11 O, mi domine, nimium laboro. Exeo diluculo minando boves ad campum, et iungo eos ad
aratrum; non est tam aspera hiems ut audeam latere domi pro timore domini mei, sed
iunctis bobus, et confirmato vomere et cultro aratro, omni die debeo arare integrum agrum
aut plus.
12 Habes aliquem socium?
13 Habeo quendam puerum minantem boves cum stimulo, qui etiam modo raucus est prae
frigore et clamatione.
14 Quid amplius facis in die?
15 Certe adhuc plus facio. Debeo implere praesaepia boum feno, et adaquare eos, et fimum
eorum portare foras. O! O! magnus est labor. Etiam, magnus labor est, quia non sum liber.
160 O, probi pueri et venusti mathites, vos hortatur vester eruditor ut pareatis divinis disciplinis
et observetis vosmet eleganter ubique locorum. Inceditis morigerate cum auscultaveritis
ecclesiae campanas, et ingredimini in orationem, et inclinate suppliciter ad almas aras, et
state disciplinabiliter, et concinite unanimiter, et intervenite pro vestris errantibus, et
egredimini sine scurrilitate in claustrum vel in gimnasium

latialiter  = latine (latialis: of Latium)

pro doctrina (grammaticae Latinae): for the sake of the `doctrine’ (of Latin grammar)
anilis:  of an old woman
mansuesco mansuevi mansuetum: to become soft, gentle
Quid habes operis?: What kind of work do you do?
profiteor professus sum: to declare, promiss
psallo: to sing hymns
septem sinaxes: seven meetings for prayer (sinaxis or synaxis)
sermonicor: to speak, converse
arator –oris (m.): ploughman
opilio –onis (m.): shepherd
bubulcus: herdsman
venator –oris ( m.): hunter
piscator –oris (m.): fisher
aucupator –oris (m.): fowler (a hunter of wildfowl.)
sutor –oris (m.): shoemaker
salinator –oris (m.): a dealer in salt
pistor –oris (m.): baker
coci = coqui (`cooks’.  I wonder whether this was pronounced as `cochee’ or that the c here was treated as k.)
nimium: exceedingly
diluculum: daybreak, twilight (di + lux)
mino: to drive cattle (minando = minans. In ME Latin the abl. of the gerundive has the meaning of the nom. of the participle.)
aratrum: plough
lateo latui: to lie hid, hide
bubus: abl. of bos `rind’
confirmato vomere et cultro aratro: fitting the plough with its ploughshare and blade
stimulum: prick, goad
raucus: hoarse
clamatio –onis: screaming
praesaepe -is (n.): stable
boum: gen. pl. of bos
fenum: hay
adaquo: to bring water
fimim: dung
foras: outside
probus: good, excellent
venusti mathites: pleasant pupils (venustus is thus glossed by Aelfric in Anglo-Saxon and mathites is a Greek word.)
eruditor: teacher
ut pareatis divinis disciplinis et observetis vosmet eleganter ubique locorum: That you may obey the divine teaching and express yourself neatly (in Latin) in all kind of circumstances.
inceditis: you proceed (to mass). One would expect incedite.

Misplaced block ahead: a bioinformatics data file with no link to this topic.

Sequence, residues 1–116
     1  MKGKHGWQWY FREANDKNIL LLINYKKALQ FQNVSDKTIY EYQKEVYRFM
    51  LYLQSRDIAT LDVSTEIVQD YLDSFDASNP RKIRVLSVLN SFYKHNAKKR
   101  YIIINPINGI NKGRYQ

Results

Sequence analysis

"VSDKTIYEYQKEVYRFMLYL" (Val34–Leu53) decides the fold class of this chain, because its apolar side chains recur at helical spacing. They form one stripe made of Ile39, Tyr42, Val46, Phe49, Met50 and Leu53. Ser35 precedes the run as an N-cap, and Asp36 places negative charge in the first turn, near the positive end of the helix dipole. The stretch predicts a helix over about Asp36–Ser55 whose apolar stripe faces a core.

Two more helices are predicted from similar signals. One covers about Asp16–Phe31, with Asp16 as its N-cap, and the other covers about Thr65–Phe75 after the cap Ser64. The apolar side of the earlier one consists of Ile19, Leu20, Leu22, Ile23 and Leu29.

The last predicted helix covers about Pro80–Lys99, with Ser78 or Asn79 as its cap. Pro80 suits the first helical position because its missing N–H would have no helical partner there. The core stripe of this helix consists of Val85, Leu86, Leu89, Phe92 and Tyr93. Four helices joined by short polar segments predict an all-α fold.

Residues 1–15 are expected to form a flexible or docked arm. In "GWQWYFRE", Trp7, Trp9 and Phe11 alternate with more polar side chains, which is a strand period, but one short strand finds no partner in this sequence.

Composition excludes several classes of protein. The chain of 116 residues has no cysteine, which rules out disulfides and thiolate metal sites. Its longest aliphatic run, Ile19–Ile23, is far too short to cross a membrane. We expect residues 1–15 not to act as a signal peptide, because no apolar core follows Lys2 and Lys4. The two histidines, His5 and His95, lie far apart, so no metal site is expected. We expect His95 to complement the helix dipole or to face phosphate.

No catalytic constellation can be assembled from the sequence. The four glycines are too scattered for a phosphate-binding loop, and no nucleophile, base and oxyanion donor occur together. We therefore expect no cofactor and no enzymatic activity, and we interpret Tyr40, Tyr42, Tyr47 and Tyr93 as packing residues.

morigerate obediently
ausculto: to hear
campana: bell
oratio –onis (f.): prayer
suppliciter: humbly
almus: feeding, hence `holy’
concino concinui: to sing harmoniously
intervenite pro vestris errantibus: intercede for those of you who are sinning.
scurritiltas –atis (f.): buffoonery, scurrility
gimnasium: school

Here is the complete text:

Thursday, 20 February 2014

Statius Silvae 5.4: Sleepless nights.

Publius Papinius Statius (45-96) was a poet belonging to the Sliver Age of Latin, called so because the literature of that period could not match the literature of the days of Cicero and Virgil. Of course the Romans writers of that Silver Age did not define themselves as such: the term has been coined by the German philologist W.S Teuffel in his book about the history of Roman literature published in 1870 – dry but useful for its  bibliographical details,  as his wiki lemma says. Not an encouraging remark for reading it, in my opinion at least.
Statius - a native of Naples - moved to Rome for a career as poet and indeed he had some success with his poems, but not the success he had hoped for and disappointed he went back to Naples. The very fact that I am now writing this post proves that he was a bit too pessimistic.
What has remained of the works by Statius are two epic poems of which one unfinished and a collection of occasional poems, the Silvae. In the poem below our poet has already sleepless nights for a week (or pretended to have for the sake of this poem) and is now addressing the god of sleep, Sumnus, and prays him to pass by and give at least some sleep. The cause of this insomnia is left open, which makes this poem intriguing.
Nowadays Statius is little read outside academic circles but this has not always been the case: Keats’ poem To Sleep clearly betrays influences by this poem:

O soft embalmer of the still midnight,
      Shutting, with careful fingers and benign,
Our gloom-pleas'd eyes, embower'd from the light,
      Enshaded in forgetfulness divine:
O soothest Sleep! if so it please thee, close
      In midst of this thine hymn my willing eyes,
Or wait the "Amen," ere thy poppy throws
      Around my bed its lulling charities.
Then save me, or the passed day will shine
Upon my pillow, breeding many woes,—